Tuesday, March 17, 2015
The Barbra and Andrew Rothschild Lecture
Free and open to the public. Lecture hall opens at 6:30 PM, and seating is limited.
The Nasher Museum presents Odili Donald Odita, an abstract painter who uses color to mirror the complexity of the world. He explores, in his paintings, a way to address the human condition through pattern, structure and design—and also trigger memory. For the annual Rothschild Lecture he will deliver a talk, entitled “3rd Degree of Separation.”
In celebration of Nasher10, the Nasher museum’s first decade the museum plans to commission a mural by Odita in downtown Durham, and also a large-scale wall painting at the museum.
“The colors I use are personal: They reflect the collection of visions from my travels locally and globally,” Odita says.
Odita’s work has been featured in solo exhibitions at Savannah College of Art and Design, Georgia; Contemporary Arts Museum, Houston; Studio Museum in Harlem; Institute of Contemporary Art, Philadelphia; and Princeton University, New Jersey. In 2007, Odita’s large installation Give Me Shelter was featured prominently in the 52nd Venice Biennale.
Odita was born in 1966 in Enugu, Nigeria, and lives and works in Philadelphia. He has been the recipient of a Penny McCall Foundation Grant in 1994, a Joan Mitchell Foundation grant in 2001 and a Louis Comfort Tiffany Grant in 2007.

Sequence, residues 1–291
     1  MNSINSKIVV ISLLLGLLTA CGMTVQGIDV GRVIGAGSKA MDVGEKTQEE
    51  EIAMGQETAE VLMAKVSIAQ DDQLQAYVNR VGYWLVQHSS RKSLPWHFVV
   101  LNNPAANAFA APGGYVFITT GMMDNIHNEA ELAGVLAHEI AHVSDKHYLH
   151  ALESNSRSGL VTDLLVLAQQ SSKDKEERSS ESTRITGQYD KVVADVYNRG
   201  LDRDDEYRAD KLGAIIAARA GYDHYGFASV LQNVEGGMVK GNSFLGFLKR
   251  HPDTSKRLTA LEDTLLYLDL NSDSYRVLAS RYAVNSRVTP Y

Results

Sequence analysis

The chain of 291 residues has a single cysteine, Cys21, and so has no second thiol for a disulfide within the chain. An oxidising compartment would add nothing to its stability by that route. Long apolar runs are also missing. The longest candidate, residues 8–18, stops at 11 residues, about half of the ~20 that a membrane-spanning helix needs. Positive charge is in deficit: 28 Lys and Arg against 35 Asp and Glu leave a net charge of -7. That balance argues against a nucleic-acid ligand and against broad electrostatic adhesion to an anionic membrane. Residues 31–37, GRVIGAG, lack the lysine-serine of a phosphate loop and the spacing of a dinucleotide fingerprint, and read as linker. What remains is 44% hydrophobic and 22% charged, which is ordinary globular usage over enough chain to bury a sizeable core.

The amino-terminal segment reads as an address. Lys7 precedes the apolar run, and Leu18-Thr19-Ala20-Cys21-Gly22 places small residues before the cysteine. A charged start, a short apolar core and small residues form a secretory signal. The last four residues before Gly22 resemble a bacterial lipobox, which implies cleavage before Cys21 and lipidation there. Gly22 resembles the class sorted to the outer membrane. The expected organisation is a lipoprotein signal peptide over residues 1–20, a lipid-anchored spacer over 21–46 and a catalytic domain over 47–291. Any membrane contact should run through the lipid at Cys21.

Thursday, March 26, 2015
Art historian and scholar Roberto Conduru will give the keynote talk, “Indices of Africa in Brazilian Art of the 1960s and 1970s,” for the Global Brazil Conference at Duke. Conduru has a cross-disciplinary approach to art history, building on visual anthropology, architecture and religion in order to examine how modernity was built in Brazil. He has published on many artists and architects, including Willys de Castro, Abraham Palatnik, Lucio Costa and Oscar Niemeyer. His recent book of essays, Pérolas Negras – Primeiros Fios (2013), examines Afro-Brazilian artistic and cultural connections. In his talk, he will discuss how Neoconcrete Brazilian artists built on African culture to create their works. Sponsored by the Global Brazil Lab at Duke’s Franklin Humanities Institute and the Duke Brazil Initiative.
Thursday, April 2, 2015
Marshall N. Price on Colour Correction: British and American Screenprints, 1967-75. Cash bar and reception.
IMAGE: Liliane Lijn, Koan – Cuts III, 1971. Screenprint with collage on paper, 22 x 31 1/2 inches (55.9 x 80 cm). Collection of the Nasher Museum of Art at Duke University, Durham, North Carolina. Gift of Mr. Kenneth Dorman, 1980.104.3. © Liliane Lijn. Photo by Peter Paul Geoffrion.